Thoughts from the aftermath (of a very mild earthquake)

13 Oct

I was just involved in a terrifying natural disaster. OK… yeah, I’m being a bit dramatic as it lasted all of 30 seconds, but while my heart’s still pumping and my palms are still sweating and it’s all I can do not to scream “I’m a survivor” in a not-very-Beyonce like manner I’m going to write about it….

Hmmm… OK, so my first thoughts were, “how weird, the ground is shaking, maybe there’s a really big truck moving past outside.” Part of my brain flashed back to when I was kid and this used to happen along the main road where I lived. Huge lorries would rattle the entire house on their route along the street. Mum would tut and go back to the telly.

But then, the earthquake (which I now hear was a massive 6.8 on the scale) got stronger, and stronger, and I looked up to see the plants swinging and the trees shaking and all of a sudden, the annoying Dutch family who’d been smoking and talking loudly and not reprimanding their screaming toddler for running around my table, were grabbing the child and high-tailing it out of the café! We’re in an open bamboo structure.

My second thoughts were, “Do I have to run too?” and “Should I pack up my computer?” Stupid right? I left everything where it was and legged it out onto the street. Now it’s all over I’m only thinking what an idiot I was in this situation. This moment of panic. When faced with something so unexpected and so out of the ordinary in your every day world, your brain truly does go into lockdown. You do and think things you never dream might cross your mind. As I stood on the road watching the signs swinging outside the stores, I felt my knees shaking with the panic. At one point, I almost fell over. Everything was out of balance. The world, my mind, my body.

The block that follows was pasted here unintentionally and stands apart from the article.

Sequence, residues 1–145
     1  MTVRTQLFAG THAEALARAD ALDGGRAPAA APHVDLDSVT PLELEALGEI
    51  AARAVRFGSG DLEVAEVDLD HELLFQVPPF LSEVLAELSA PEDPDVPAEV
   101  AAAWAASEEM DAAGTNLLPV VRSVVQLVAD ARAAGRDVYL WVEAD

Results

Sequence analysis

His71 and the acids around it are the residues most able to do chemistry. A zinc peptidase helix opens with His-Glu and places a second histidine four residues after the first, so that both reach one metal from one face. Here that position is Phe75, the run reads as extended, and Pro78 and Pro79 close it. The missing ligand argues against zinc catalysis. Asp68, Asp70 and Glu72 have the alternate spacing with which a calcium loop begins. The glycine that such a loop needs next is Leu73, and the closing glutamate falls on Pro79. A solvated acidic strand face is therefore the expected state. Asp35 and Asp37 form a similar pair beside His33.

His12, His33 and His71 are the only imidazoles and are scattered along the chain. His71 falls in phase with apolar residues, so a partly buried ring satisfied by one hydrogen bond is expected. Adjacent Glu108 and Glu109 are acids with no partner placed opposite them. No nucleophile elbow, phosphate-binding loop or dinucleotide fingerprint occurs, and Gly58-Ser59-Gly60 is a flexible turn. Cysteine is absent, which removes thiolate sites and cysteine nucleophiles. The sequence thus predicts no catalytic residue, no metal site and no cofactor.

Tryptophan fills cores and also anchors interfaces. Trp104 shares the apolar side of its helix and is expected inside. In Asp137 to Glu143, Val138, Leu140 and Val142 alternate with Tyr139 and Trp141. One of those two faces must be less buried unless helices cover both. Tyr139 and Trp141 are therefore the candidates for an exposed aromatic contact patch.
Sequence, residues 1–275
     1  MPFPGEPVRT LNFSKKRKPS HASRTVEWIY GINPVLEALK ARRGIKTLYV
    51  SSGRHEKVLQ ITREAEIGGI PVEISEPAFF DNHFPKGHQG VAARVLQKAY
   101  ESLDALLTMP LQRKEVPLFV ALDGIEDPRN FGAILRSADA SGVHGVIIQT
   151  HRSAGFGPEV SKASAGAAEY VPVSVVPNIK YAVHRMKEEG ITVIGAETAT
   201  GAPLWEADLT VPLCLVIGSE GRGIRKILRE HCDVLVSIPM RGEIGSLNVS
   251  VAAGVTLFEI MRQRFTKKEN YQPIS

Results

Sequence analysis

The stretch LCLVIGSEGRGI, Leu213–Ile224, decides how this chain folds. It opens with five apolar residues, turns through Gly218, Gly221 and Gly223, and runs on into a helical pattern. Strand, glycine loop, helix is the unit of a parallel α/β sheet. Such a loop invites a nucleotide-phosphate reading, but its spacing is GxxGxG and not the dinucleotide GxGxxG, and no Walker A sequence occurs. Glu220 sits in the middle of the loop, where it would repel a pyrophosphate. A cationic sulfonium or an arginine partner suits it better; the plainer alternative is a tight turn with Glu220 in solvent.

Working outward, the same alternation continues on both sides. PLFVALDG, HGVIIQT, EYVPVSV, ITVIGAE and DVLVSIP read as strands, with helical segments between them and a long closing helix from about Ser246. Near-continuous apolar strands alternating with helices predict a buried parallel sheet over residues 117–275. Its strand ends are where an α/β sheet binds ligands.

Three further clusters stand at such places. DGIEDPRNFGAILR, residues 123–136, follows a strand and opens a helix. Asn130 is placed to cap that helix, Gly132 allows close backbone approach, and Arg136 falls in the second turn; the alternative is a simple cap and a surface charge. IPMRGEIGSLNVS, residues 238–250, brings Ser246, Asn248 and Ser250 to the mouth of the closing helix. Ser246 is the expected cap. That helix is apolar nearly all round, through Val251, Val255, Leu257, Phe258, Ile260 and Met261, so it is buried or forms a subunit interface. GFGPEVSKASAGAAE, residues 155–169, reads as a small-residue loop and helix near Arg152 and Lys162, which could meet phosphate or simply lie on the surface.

I thought, “At least mum and dad are having a nice time in Turkey.” I thought, “At least I wrote some nice things to some nice people in emails, and on Facebook, before this.”

The Balinese staff were grinning and laughing and in turn, I grinned and laughed, but mostly because the situation was so ridiculous I had no other way of relating to it in a logical manner. I was terrified that the entire earth would open up and suck me down into its crust. I pictured Bruce Willis. I pictured houses tumbling down hillsides, landing in rivers and washing away in pieces, like cocktail sticks in the ocean. I saw myself, holding on to a rock with one hand, the rest of me dangling into the heart of the earth, my flip flops falling one by one and melting like candlewax; the very earth that just seconds before was beaming sunshine onto my bare arms as I sipped a cup of coffee and contemplated shooting the Dutch folk another evil look for interrupting my writer’s procrastination.

It takes just one second for the world to change. If this happens again, if something worse takes me away and I don’t get to say goodbye, I still won’t be prepared for it. I can’t live my life in a hard hat, clutching doorways.

But let it be said RIGHT HERE and now that I’m trying my very best to love and live and breathe and forgive, and give and dream and eat and drink and occasionally sing REALLY bad karaoke to the best of my ability. And so should everyone else.

But it won’t happen again. It WON’T. (Will it??)

Can someone send Bruce to Bali?

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